In Edmunds testing, a 4WD 4Runner Trail went from zero to 60 mph in 7.8 seconds, which is about average among competing SUVs.
The EPA estimates fuel economy at 19 mpg combined (17 city/22 highway) for RWD models and 18 mpg combined (17 city/21 highway) for all 4WD 4Runners. Those numbers are typical for a traditional SUV, but well behind those of most V6-powered crossovers.
Standard safety features on the 2016 Toyota 4Runner include antilock disc brakes, stability and traction control, front seat side airbags, full-length side curtain airbags, front knee airbags and active front head restraints. All 4WD models feature an off-road traction control system known as A-Trac that helps keep you moving on slippery terrain by redirecting engine torque to the wheel(s) that have traction.
A rearview camera is standard across the board, but front and rear parking sensors are available only on the Limited trim level. The Limited also comes with Safety Connect, which includes automatic collision notification, a stolen-vehicle locator and emergency assistance.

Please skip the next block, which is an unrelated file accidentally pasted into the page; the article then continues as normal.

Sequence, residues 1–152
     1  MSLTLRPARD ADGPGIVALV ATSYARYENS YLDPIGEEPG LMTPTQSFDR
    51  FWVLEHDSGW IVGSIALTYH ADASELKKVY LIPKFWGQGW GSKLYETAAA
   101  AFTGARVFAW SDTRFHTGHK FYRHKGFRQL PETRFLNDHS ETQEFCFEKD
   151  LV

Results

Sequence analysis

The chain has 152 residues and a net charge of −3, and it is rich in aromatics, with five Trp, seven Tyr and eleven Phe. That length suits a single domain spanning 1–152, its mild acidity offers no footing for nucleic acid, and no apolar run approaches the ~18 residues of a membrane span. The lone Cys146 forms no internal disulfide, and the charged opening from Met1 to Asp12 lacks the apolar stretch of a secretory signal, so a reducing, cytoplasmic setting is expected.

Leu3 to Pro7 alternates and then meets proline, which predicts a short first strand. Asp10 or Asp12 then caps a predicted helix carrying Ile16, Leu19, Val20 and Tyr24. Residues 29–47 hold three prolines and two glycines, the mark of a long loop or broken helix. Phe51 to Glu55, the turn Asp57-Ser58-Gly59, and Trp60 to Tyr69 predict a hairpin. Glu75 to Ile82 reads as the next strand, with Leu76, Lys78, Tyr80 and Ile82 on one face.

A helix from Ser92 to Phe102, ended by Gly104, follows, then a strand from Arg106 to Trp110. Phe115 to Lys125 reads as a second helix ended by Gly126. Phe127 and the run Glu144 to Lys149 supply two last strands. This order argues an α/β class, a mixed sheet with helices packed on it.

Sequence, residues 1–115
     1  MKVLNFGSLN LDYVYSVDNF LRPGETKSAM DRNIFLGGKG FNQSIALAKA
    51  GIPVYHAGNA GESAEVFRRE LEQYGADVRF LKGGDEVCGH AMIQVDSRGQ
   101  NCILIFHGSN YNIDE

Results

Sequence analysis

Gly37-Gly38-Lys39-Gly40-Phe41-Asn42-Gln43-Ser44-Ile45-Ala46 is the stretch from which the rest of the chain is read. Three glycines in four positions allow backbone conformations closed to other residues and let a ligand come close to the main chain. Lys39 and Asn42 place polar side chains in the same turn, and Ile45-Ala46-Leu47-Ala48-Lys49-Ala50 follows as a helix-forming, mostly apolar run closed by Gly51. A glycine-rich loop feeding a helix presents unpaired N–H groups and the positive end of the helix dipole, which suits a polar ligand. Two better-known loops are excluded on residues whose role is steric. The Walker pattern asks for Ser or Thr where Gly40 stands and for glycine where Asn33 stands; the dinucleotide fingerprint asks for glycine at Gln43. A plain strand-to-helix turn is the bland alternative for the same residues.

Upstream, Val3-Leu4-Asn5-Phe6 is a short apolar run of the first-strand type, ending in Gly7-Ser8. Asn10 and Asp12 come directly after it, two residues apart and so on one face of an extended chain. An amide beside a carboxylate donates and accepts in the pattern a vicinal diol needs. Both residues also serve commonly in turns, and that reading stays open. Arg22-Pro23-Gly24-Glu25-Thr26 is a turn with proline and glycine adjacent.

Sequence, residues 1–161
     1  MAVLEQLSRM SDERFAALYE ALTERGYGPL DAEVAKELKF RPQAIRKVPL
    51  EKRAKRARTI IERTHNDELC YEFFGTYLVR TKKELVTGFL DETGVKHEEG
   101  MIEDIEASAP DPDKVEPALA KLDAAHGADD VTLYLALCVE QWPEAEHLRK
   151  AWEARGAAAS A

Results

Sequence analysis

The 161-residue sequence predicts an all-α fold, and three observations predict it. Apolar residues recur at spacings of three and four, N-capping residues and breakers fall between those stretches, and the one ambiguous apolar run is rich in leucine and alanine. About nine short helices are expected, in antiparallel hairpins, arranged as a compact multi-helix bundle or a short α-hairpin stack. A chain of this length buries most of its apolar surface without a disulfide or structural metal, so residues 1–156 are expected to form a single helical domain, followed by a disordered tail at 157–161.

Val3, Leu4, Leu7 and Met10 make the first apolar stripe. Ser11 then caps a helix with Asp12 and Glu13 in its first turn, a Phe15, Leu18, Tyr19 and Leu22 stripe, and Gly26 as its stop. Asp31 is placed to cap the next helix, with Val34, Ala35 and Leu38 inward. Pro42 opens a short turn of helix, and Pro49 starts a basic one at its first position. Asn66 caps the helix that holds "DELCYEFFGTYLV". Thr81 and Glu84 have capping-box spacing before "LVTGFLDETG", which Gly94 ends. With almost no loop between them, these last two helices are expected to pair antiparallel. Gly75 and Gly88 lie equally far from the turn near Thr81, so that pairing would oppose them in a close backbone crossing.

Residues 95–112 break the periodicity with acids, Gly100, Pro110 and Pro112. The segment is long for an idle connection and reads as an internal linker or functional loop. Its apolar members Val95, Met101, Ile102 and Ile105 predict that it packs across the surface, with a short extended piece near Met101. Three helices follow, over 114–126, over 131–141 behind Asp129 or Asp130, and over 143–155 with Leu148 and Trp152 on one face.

In Edmunds brake testing, a four-wheel-drive 4Runner Trail model took 132 feet to stop from 60 mph, which is a long distance by crossover standards but not bad for an off-road-oriented SUV.
In government crash tests, the 4Runner earned four out of a possible five stars overall, including four stars for total frontal-impact safety and five stars for total side-impact safety. The Insurance Institute for Highway Safety awarded the 4Runner its top rating of “Good” in the moderate-overlap frontal-offset, side-impact and roof-strength crash tests, but the small-overlap frontal-offset crash test resulted in a “Marginal” rating (second-lowest). The 4Runner’s seat/head restraint design was rated “Good” for whiplash protection in rear-impact crashes.
Interior Design and Special Features
The interior of the 2016 Toyota 4Runner features instrumentation and controls that are well laid out and easy to understand. Most owners will be satisfied with the quality of the 4Runner’s cabin materials, which are oriented more toward durability than aesthetics. If you demand something a bit more plush, an alternative such as the Jeep Grand Cherokee will likely be a better fit.